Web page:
To mark their return to the tray. McMillan and fellow DJ Andy Divine have booked Andy Smith. a firm fav0urite With the Hi Karate crowd. and his production partner Scott Hendy. both devotees of hip hop and the rougher Side of 70s funk. Smith. of course. is best known as sample- Supplier and tour DJ for Portishead. which isn't perhaps the best clue to his average set.
'That can be a bit of a problem.“ Smith admits. 'because people expect me to play Portishead records and dreary old trip hop all night. which iust isn't where I'm coming from at all.
enough drinks inside you, you really could be back in the 605, in a sweaty Soho basement shaking your tail feather for all its worth’. (Catherine Bromley)
Dynamic duo Scott Hendy and Andy Smith take Hi-Karate by storm
I do want to break out from that. hence the new EP as Dynamo Productions on Illicit. which is myself and Scott Hendy working together to do something different: the kind of thing that we‘d both play in our club sets.‘
As for these sets. Smith and Hendy both gel neatly with Hi Karate's eclectic break-based ethos. 'I iust like heavy records.‘ says Smith. 'If it's new stuff. I'm really into the kind of hip hop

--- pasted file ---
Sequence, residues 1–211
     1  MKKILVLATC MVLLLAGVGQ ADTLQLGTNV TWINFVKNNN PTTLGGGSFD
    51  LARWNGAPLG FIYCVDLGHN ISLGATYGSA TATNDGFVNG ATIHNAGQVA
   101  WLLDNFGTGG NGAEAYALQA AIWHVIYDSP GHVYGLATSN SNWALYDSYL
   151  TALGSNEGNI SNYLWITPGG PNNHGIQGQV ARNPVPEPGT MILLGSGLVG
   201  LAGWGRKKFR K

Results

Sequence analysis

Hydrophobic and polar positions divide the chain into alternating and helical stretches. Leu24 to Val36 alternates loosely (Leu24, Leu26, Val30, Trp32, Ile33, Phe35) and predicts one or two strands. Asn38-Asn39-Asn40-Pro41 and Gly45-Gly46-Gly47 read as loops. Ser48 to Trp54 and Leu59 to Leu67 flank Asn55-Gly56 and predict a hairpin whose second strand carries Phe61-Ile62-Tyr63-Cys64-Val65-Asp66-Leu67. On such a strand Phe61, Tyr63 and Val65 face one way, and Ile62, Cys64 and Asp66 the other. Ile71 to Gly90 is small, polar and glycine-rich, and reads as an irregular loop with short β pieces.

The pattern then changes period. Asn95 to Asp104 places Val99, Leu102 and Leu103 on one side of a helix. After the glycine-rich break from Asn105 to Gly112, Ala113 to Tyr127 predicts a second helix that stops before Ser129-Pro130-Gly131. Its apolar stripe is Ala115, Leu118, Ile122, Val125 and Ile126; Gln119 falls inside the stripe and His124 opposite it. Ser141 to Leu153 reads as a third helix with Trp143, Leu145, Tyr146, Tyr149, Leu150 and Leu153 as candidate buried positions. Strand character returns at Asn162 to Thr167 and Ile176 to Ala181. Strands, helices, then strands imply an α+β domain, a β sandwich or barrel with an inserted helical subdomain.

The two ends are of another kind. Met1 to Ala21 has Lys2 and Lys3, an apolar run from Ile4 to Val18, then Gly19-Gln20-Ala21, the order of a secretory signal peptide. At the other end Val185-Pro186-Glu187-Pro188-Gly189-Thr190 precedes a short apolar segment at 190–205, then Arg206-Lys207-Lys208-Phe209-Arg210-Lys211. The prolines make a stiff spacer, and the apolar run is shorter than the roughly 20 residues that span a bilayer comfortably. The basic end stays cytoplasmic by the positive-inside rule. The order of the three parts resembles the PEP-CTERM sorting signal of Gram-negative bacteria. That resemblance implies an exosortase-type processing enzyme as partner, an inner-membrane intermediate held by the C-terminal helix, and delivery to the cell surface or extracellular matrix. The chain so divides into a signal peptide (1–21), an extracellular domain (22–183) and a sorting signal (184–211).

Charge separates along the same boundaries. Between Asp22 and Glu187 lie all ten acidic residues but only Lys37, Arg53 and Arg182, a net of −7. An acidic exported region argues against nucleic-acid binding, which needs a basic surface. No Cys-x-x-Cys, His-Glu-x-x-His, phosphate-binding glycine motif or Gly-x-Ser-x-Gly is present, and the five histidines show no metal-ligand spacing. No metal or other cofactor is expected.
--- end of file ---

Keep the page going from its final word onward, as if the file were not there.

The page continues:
that's heavy. and when it comes to funk, it has to be rough-sounding and heavy. I JLlSl get really excrted when I find a shop full of dusty old records. and that's why I love hip hop so much. because it relies on samples from old records.‘
Hi Karate. then, is back. and. in a small venue With a Superb SOund system at the Sub Club. this could be the best run of the club yet.
The latest club news . . . YOU MIGHT H,»\\’E_ wast: (fit‘
and 'Li"‘i“.It I‘ the tuist rev. \‘it‘t’KS .1l‘t‘LiT.i[\‘Ilt\I"HO-t1 plans to set up rl'K‘t‘ " Gltlb‘tlﬂﬁ. and me 3.2.” " t‘ait'iin‘. it‘a’. t7'.i...ie \. 'l‘K‘tlilt‘J‘ IE1 80’. to 81.13? I‘ ‘1 ’ ew.’ UK vesitiencx .it I've Sui Citlt‘ Il‘i ltlth “10 DNA. Recordings boss will be pla‘. VKI a full few new set even moi‘tri. With occaSional guests diami €XC|LISI\'€|\ from Young's 't‘iit w of friends. \~.Ii:t‘li th‘SlH‘idl‘i‘. means the cream of the Hulk .t scene. The night even has on of those touchy -ieely Aiiieiittari names »~ True People > to complete that Detroit -h\ the Clyde feel.
HARD HOUSE DJs and promoters looking to get a recording contract could be in with a chance. Why? Because Clubscene Music Group are keen to sign new artists as soon as possible, so send your demos to: Marc MacGillivray, Unit 26, Coatbank Way, Coatbridge, ML5 SAG.
LDI‘I—IIAN AND BORDERS police are planning regular raids on city centre clubs as part of Operation l oil 7 a campaign to rid Edinburgh of the owl diiig scourge. lhey raided SuliIiiiie (ll Wilkie House last weekend, arresting several punters in llI': process so caution is lliOfoUI',‘ adVised in coming weeks. DISPUTE STILL SURROUNDS Leith venue Club Java’s application for an extension to their current licence. The club venue is currently running under a Public House Licence with an extension until 2am but efforts to have this extended to 3am under an Entertainment Licence were thwarted by the Planning Department last week. Venue manager Gillian McArthur has now lodged an appeal against this decision. The List will keep you posted as to the success of this appeal.
15 2‘: Mar 90*)1 THE LIST 69